Market-watchers are parsing the Federal Reserve’s every word for clues about where bond yields are headed, but the European Central Bank (ECB) may be in the driver’s seat.
“Monetary policy development in the euro zone remains a critical factor in projecting the forward path of global long-term bond yields, especially since quantitative easing appears forthcoming,” DBS said in a note Wednesday. It noted that global 10-year government bond yields have largely trended downward this year, with the biggest declines coming from euro zone economies.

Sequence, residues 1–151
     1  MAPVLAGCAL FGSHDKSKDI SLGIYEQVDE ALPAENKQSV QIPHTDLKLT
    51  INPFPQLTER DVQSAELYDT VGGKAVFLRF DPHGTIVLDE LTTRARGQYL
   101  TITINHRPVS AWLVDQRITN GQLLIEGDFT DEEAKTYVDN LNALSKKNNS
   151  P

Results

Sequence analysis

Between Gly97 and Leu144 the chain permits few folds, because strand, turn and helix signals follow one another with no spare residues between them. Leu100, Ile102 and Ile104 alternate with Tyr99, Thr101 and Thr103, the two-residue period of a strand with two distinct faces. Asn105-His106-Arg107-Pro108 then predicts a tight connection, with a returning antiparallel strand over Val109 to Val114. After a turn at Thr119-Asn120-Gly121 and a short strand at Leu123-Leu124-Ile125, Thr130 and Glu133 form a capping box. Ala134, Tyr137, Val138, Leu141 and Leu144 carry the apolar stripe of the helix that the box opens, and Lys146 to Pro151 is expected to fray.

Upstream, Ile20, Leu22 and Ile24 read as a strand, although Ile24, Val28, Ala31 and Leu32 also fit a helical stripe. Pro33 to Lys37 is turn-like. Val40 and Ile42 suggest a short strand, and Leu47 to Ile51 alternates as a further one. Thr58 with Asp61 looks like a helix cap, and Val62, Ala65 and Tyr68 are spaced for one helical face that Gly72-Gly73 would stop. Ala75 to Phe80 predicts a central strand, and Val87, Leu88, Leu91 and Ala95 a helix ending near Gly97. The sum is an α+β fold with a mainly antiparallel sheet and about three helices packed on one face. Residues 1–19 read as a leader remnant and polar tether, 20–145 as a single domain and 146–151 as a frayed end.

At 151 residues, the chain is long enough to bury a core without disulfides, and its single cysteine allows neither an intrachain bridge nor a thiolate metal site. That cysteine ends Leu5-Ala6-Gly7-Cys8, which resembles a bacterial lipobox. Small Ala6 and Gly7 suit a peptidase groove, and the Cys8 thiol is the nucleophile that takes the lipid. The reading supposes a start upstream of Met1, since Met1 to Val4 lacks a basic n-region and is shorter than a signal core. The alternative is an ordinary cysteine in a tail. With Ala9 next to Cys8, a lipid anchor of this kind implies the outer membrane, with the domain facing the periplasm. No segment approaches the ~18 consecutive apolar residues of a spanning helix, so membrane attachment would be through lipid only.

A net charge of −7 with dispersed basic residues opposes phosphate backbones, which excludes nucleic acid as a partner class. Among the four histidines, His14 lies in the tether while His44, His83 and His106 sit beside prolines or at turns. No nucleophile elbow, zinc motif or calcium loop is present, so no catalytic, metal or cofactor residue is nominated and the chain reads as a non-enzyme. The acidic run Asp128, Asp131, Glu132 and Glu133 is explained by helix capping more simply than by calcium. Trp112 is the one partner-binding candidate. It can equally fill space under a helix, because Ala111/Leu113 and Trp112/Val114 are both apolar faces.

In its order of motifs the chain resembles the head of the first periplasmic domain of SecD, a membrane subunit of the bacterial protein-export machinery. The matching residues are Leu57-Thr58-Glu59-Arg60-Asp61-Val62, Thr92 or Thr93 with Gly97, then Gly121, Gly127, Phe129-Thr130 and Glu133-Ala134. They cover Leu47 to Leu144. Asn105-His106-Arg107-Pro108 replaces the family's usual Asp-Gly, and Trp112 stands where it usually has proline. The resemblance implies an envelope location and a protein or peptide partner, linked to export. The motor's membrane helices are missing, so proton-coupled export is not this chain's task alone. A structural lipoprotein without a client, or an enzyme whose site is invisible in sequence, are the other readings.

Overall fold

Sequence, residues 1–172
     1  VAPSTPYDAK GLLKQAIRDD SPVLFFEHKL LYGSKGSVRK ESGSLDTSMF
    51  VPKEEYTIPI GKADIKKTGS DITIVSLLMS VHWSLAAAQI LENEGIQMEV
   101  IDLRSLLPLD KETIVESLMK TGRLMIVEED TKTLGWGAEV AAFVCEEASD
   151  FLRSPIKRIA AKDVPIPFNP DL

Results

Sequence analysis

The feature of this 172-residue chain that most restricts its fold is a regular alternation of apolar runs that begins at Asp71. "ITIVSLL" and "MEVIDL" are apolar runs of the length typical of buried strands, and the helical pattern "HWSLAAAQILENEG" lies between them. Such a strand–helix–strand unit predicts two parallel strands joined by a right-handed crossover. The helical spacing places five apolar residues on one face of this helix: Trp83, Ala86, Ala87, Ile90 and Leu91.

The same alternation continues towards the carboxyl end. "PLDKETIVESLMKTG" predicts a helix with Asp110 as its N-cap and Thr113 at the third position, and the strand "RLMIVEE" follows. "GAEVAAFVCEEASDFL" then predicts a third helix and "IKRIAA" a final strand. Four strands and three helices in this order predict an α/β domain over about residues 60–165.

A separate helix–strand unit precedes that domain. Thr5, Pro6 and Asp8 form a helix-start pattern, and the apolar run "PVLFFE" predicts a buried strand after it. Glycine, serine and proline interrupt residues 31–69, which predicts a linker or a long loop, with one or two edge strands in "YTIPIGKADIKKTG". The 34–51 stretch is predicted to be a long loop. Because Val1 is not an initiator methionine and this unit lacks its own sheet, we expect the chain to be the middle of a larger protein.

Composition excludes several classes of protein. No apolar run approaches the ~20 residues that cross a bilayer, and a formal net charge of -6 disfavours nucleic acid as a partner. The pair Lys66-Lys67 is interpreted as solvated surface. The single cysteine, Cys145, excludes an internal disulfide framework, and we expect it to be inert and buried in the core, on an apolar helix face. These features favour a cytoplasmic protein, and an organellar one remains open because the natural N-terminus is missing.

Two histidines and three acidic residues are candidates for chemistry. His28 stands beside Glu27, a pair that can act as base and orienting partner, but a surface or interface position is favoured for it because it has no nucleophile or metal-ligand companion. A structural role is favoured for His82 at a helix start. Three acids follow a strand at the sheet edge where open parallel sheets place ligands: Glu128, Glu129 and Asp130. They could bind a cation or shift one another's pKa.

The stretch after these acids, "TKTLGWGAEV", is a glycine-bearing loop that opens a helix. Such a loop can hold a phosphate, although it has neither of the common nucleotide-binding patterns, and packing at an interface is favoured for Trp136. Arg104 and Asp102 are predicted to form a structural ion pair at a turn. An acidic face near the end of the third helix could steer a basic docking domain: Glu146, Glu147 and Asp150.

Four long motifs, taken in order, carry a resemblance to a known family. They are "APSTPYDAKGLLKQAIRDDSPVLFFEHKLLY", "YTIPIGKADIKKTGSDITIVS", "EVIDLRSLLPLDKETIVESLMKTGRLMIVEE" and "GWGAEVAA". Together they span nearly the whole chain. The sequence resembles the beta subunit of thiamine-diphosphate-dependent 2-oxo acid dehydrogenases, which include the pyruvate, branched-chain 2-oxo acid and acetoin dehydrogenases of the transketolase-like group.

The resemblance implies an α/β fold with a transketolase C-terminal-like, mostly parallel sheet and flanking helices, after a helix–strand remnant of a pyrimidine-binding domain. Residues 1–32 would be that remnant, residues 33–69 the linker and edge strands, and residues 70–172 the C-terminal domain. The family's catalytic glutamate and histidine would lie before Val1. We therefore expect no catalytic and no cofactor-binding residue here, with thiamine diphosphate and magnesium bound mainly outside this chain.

“Even as the market expects U.S. [interest rate] hikes to draw closer, the decline in 10-year yields across the developed world has dragged down 10-year Treasury yields,” it said.
The U.S. stock markets rallied to record highs this week, but while that would traditionally signal an exit from safe-haven assets such as Treasurys, yields barely budged — even as Fed chief Janet Yellen made slightly more hawkish comments at the Jackson Hole meeting of central bankers last week.